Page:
Wednesday, 14 February 2018

A Triptych: Irrational Theatre in three one-act comic operas

A Triptych of Comic Operas  - Irrational Theatre
A Triptych, John Whittaker, Peter Reynolds, Offenbach; Irrational Theatre; The King's Head
Reviewed by Anthony Evans on Feb 11 2018 Star rating: 3.0
Three contrasting one-act operas in intimate surrounds

It is always a pleasure to see little known works, but you never know quite what you’re going to get. Irrational Theatre came to the King’s Head yesterday evening (11 February 2018) with A Triptych, an interesting mix of three handers directed by Paula Chitty: John Whittaker’s The Proposal, Peter ReynoldsSounds of Time and Jacques Offenbach’s Le 66 with varying results.

The singers Laurence Panter (tenor), Lucy Elston (soprano) and Andrew Sparling (baritone), sharing the roles, were all uniformly good, although poor Andrew Sparling did seem to have an aversion to props. There was some fine, not to say nimble, support from Julian Trevelyan, John Whittaker (pianists) and Abi Clark (flute).
First out of the blocks was John Whittaker’s The Proposal based on Chekov’s one act farce A Marriage Proposal. Seems a strange choice if you ask me. It’s charms, such as they are, are rooted in it’s fast paced dialogue. Chekov himself seems not to have been entirely convinced by his own work, branding it a "wretched, boring, vulgar little skit"

The story is set in a country house drawing room exploring the shenanigans surrounding a spectacularly inept marriage proposal by the hypochondriac Ivan Vassiliyitch Lomov (Laurence Panter). Unfortunately the resulting buffoonery was tepid. Lacking in energy the characterisations and ludicrous situation collapsed like a soufflé. What we were served was a lumpy custard; a forty-five minute shaggy dog story.

In contrast the second half kicked off with a colourful and lively rendition of Peter Reynolds’ The Sands of Time the Guinness’ records “shortest opera” at 3 minutes 34 seconds. It was a slice of jolliness complete with overture, introductory chorus, arias and recitative.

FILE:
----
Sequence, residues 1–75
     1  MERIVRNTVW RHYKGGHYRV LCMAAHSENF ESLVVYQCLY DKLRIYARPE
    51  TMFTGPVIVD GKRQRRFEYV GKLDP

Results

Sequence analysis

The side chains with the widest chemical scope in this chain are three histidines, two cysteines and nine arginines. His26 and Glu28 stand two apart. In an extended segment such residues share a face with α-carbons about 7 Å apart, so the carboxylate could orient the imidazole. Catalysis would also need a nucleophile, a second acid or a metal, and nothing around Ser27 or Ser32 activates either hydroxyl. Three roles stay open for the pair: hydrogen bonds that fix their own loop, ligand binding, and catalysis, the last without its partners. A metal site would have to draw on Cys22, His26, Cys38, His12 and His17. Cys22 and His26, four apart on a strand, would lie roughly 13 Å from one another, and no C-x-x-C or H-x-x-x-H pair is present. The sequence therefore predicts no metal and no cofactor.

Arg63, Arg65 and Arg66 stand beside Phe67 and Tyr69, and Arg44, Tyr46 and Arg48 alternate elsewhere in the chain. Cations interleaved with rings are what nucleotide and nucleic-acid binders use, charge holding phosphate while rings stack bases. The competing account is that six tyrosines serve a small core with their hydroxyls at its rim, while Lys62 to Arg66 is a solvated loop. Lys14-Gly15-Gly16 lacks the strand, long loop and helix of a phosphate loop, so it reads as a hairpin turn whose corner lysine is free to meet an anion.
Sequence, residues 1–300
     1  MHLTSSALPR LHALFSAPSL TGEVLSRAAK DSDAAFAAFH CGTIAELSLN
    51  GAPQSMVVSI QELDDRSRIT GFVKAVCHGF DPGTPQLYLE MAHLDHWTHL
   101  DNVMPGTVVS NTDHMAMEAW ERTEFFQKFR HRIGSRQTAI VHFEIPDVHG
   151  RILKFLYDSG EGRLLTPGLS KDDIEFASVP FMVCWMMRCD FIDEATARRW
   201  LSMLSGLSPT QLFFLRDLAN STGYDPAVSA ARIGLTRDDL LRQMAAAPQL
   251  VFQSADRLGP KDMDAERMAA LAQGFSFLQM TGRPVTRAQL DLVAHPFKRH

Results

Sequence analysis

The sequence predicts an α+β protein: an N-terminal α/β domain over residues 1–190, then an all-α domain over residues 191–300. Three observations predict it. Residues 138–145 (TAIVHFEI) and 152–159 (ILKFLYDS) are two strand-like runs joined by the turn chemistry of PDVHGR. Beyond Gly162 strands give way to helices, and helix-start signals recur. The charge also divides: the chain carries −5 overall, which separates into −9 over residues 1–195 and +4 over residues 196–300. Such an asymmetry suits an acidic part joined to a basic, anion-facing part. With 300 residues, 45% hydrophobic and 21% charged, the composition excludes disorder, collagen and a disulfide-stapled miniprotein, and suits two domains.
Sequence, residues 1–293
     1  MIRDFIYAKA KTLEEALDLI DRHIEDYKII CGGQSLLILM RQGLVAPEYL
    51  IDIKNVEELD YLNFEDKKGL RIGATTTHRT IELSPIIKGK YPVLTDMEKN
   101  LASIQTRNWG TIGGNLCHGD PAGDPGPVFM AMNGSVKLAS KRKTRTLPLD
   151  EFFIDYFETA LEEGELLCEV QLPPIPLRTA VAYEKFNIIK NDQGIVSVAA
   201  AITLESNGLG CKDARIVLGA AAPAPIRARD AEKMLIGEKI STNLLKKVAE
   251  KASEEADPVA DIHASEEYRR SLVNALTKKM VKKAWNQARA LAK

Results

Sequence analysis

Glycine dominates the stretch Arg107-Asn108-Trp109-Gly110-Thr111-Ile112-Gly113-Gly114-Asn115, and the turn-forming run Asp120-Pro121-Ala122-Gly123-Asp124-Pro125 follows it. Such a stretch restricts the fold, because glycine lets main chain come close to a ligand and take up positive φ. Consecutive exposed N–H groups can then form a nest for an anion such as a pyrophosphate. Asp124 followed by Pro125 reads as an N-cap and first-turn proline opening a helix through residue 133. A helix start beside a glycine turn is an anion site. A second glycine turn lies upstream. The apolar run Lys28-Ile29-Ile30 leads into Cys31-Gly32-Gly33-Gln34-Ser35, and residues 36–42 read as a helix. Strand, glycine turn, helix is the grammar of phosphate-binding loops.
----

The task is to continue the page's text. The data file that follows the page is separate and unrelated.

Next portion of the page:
By their third offering Offenbach’s Le 66 the singers all appeared to have found some comedy acting chops with a witty take on the dangers of extravagance, lovingly ripped-off from 'Allo 'Allo. You know, the story where Helga and Herr Flick meet up with Hans Geering on the way to Strasburg? OK, so I made that up. What it did have was bags of energy, complete with comedy accents, that made the silliness of this charming operette such fun. If they had been able to inject that energy into The Proposal it may have been more engaging.
Reviewed by Anthony Evans

Elsewhere on this blog:
  • Topsy-turvy fun: Cal McCrystal directs G&S's Iolanthe - Opera review (*****)
  • Old-fashioned passion: Benjamin Godard's Dante - CD review
  • Korngold's Die tote Stadti at the Semperoper in Dresden - Opera review (****)
  • Powerful stuff: Verdi's La forza del Destino in Cardiff - Opera review (****)
  • A Portrait: composer Dai Fujikura introduces the music at the forthcoming Wigmore Hall concert  - my interview
  • Wagner Der Ring des Nibelungen - Willy Decker's production at the Semperoper, Dresden - opera review
  • A Heine songbook - Robin Tritschler and Christopher Glynn - concert review
  • Intimate and finely judged: Orlando Gibbons complete consort anthems   - CD review
  • Giovanni Croce revealed - motetti & cantiones sacrae - CD review
  • 'You still have to make the right line' - Michael Finnissy day at St John's College, Cambridge  - feature article
  • Singing to create a national identity: the Estonian Philharmonic Chamber Choir - concert review
  • From oboe to podium: Leo Duarte on Handel pasticcios, playing the oboe & period singing style  - my interview
  • Finely balanced casting: Handel's Orlando from La Nuova Musica at St John's Smith Square - Opera review
  • Home

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